Yet despite the ridicule and vitriol, the prayer of the humbled believer will
always be for that hardened non-believer…
it will be a prayer for blessed deliverance…
a prayer that he would find solace, comfort as well as Grace.

Even to the end, the believer prayers…even for the sake and soul of the non-believer.

“Now, man is afraid of death by nature, afraid of the decay of the body.
But here is a startling fact: whoever has put on the faith of the Cross
despises even what is naturally dreadful, and for Christ’s sake is not afraid of death.
So if anyone is skeptical even now, after so many proofs,
and after so many have become martyrs to Christ,
and after those who are champions in Christ have shown scorn for death every day—
if his mind is still doubtful about whether death has been brought to nothing and come to an end—well,
he’s right to wonder at such a great thing. But he should not be stubborn in his skepticism,
or cynical in the face of what is so obvious.
Let him who is skeptical about the victory over death receive the faith of Christ,
and come over to his teaching.
Then he will see how weak death is, and the triumph over it.
Many who used to be skeptics and scoffers have later believed,
and despised death even enough to become martyrs for Christ himself.”

St. Athanasius, p.15
An Excerpt From
A Year with the Church Fathers

Upholding God’s word, part II: when your child is not your child

Let this be the way that I go,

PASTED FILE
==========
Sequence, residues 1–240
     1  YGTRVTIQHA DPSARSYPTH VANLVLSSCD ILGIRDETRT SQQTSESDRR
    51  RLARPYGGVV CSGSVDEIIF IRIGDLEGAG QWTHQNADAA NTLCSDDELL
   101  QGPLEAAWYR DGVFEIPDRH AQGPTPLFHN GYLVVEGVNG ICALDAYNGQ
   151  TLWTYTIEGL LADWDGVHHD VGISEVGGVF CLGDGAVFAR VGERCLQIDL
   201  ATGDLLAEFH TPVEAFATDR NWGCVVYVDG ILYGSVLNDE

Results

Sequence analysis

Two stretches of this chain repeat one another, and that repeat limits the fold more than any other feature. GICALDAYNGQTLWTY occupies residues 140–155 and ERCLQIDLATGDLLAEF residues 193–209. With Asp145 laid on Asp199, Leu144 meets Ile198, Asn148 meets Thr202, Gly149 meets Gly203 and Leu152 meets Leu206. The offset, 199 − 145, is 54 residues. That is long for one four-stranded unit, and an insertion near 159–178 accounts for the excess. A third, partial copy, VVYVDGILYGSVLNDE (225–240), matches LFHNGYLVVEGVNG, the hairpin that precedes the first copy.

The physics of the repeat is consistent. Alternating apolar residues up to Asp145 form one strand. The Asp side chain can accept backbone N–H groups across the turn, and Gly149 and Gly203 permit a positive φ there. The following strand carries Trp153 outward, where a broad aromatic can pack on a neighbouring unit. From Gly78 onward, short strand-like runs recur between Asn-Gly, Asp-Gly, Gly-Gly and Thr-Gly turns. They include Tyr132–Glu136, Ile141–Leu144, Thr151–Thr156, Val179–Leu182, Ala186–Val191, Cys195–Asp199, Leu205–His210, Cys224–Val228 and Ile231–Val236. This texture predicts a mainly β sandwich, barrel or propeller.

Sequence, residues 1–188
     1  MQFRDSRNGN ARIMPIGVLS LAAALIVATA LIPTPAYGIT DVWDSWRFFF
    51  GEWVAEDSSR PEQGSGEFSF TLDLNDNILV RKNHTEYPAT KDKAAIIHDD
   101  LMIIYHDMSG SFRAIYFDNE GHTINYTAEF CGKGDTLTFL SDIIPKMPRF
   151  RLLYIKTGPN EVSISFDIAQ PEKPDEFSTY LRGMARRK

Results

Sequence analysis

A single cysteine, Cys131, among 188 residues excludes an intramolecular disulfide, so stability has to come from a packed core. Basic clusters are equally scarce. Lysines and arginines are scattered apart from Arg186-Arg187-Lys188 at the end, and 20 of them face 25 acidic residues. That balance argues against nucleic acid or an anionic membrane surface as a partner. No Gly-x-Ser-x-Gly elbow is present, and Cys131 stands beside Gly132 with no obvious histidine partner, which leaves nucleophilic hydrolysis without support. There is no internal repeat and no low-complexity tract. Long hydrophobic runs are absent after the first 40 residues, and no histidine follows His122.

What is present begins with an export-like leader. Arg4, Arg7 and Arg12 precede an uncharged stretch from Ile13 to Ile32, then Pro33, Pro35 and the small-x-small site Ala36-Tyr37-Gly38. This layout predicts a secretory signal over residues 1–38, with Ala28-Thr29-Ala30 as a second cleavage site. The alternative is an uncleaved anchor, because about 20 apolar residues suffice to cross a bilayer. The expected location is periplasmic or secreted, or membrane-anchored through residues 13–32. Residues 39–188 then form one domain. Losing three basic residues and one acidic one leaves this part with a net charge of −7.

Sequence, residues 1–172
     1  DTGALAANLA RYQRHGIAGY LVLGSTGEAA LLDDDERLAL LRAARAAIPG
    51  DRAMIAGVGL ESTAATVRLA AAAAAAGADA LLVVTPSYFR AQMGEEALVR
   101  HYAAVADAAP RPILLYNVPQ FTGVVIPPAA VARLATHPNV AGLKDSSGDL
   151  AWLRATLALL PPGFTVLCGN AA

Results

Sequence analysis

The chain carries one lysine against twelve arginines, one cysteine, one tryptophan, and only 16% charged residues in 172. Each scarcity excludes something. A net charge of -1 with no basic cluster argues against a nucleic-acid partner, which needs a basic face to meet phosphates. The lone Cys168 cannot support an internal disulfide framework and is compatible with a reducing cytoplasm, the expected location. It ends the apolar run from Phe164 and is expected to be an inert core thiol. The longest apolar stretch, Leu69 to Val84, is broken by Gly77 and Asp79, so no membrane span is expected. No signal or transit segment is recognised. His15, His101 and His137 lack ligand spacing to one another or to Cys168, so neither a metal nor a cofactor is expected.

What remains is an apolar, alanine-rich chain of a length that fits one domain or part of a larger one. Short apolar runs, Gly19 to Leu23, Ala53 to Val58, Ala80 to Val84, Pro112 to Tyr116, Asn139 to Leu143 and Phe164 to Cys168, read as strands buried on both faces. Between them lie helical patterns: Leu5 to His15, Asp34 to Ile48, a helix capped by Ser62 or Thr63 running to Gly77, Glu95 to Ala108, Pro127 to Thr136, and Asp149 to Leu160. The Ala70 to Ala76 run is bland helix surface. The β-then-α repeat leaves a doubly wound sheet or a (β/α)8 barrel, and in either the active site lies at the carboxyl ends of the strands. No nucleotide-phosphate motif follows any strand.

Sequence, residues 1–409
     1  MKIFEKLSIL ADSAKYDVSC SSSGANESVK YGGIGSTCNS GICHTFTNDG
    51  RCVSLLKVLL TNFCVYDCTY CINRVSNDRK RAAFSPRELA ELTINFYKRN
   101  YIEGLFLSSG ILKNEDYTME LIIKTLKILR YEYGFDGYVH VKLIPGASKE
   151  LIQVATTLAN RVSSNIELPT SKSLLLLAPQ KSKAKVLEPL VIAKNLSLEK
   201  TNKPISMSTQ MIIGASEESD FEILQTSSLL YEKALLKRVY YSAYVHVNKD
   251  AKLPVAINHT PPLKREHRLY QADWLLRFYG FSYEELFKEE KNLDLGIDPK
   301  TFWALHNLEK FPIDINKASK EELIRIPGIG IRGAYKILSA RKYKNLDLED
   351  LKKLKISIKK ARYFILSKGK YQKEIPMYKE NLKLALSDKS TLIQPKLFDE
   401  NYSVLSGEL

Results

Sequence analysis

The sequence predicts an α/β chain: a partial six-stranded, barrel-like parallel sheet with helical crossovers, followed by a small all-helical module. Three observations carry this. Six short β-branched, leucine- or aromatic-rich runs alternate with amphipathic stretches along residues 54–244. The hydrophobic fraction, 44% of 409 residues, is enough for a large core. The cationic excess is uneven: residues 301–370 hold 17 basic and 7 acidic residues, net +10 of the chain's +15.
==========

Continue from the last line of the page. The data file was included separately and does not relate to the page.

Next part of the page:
And the life that I try,
My feet being firm in the field,
And my heart in the sky.

Philip Britt

It was May 2nd, the day the Chruch recognizes St Athanasius, a true defender of the
Holy Trinity, when I caught the latest episode of Anglican Unscripted featuring our
favorite rouge cleric Gavin Ashenden.

Before beginning his interview, the good Bishop made note of the feast day of this
former bishop within the Chruch, St Athanasius.
An obscure saint to most of the faithful but none the less important in the
history of our faith…
His is the story of a man who stood up in defense of the Godhead of Christ
when the early church was being run amuck in heresy.

Not much different it appears from our own current run amuck days.

St. Athanasius
A champion of orthodoxy!
He did not die a martyr, but his life was martyrdom in the truest sense.
Athanasius was the Church’s greatest hero in the battle against Arianism
(a heresy that denied Christ’s divinity).

“the entire Catholic congregation with one accord, as one soul and body,